At A Glance
A war memorial dedicated to University of Pennsylvania faculty, students, and alumni who died in military service
Encircling the flagpole and atop a hexagonal base are five bronze figures representing the “Unity of Man and Mutual Tolerance”
Charles Rudy was an American sculptor recognized for his monuments and work on public buildings
Gift of media magnate and philanthropist Walter Annenberg, Wharton School alumnus and founder of the University’s Annenberg School for Communication
One of Charles Rudy’s largest monuments, the War Memorial Flagpole on the University of Pennsylvania’s campus (also known as the All Wars Memorial to Penn Alumni) honors the school’s faculty, students, and alumni who died in military service. The memorial was created in collaboration with architect Grant Simon, and stands on the edge of Shoemaker Green near Louise Nevelson’s Atmosphere and Environment XII. Encircling the 84-foot steel flagpole and atop a tall hexagonal granite base is a grouping of five oversize bronze figures – three male and two female – that represent the “Unity of Man and Mutual Tolerance.”
Rudy established his monumental style and numerous commissions ensued, including the ‘War Memorial Flagpole’
Charles Rudy was an American sculptor recognized for his monuments and work on public buildings. Born in York, Pennsylvania, Rudy descended from a family of artists, and his own artistic interests can be attributed to his apprenticeship with his father, Horace Rudy, at his stained glass studio at the age of eight. Rudy furthered his artistic development at the Pennsylvania Academy of the Fine Arts and later in Europe after receiving a Cresson Traveling Fellowship.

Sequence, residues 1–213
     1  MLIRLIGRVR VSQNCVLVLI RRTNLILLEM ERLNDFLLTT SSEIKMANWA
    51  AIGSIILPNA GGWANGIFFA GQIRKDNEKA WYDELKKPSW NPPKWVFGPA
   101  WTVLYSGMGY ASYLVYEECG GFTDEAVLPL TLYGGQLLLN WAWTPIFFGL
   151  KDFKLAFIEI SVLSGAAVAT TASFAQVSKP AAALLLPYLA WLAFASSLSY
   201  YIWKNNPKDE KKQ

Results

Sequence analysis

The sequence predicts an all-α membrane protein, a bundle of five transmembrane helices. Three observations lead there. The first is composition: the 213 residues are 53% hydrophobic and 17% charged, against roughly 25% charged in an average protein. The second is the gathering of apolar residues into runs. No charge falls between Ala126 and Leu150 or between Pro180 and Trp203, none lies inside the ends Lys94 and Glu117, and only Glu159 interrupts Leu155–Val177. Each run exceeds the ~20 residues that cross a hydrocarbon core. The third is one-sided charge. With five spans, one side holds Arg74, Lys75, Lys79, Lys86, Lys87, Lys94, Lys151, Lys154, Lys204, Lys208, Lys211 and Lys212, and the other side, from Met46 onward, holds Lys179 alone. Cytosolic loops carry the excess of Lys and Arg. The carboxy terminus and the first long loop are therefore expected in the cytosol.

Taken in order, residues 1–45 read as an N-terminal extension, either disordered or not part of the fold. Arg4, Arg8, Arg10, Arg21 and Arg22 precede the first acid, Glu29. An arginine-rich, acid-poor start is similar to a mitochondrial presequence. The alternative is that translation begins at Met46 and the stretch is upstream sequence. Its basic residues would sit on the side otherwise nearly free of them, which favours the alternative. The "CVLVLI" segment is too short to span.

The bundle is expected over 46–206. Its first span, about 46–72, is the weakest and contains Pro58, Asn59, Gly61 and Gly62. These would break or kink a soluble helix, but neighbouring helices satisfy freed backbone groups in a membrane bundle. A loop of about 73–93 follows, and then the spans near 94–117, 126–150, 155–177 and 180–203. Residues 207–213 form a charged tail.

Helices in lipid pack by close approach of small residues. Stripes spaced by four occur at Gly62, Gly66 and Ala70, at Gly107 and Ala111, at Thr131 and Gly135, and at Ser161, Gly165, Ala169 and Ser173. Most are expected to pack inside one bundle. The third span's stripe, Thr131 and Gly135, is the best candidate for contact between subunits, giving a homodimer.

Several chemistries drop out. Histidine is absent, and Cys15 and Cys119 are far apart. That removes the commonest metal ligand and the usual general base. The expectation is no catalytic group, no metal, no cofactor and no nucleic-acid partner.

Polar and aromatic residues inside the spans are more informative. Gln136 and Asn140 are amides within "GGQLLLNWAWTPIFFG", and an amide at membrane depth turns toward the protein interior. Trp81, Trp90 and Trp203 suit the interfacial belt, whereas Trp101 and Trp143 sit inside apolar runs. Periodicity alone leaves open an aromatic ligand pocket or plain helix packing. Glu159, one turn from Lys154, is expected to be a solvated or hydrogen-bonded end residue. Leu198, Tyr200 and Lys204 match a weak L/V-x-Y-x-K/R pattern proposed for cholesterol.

In the 1930s, Rudy entered and won a competition to design a monument for the Bronx General Post Office. The competition was an initiative under the Treasury Section of Fine Arts program, an agency created by President Franklin Delano Roosevelt’s New Deal during the Great Depression. With his winning sculpture design for the post office, Noah (1938), Rudy established his monumental style and numerous commissions ensued, including the War Memorial Flagpole.
Funds for the memorial’s construction were provided by Walter Annenberg (class of ’31), the media magnate and philanthropist who attended the Wharton School of Business and founded the University’s Annenberg School for Communication. The dedication ceremony for the memorial was held on a rainy day in November 1952, and lead by the school’s president, Harold E. Stassen, who was a Navy war veteran himself. In 1999, after decades of being exposed to the elements outdoors, the memorial underwent a restoration, which was funded by the Class of 1943.
This artwork is part of the Around University City tour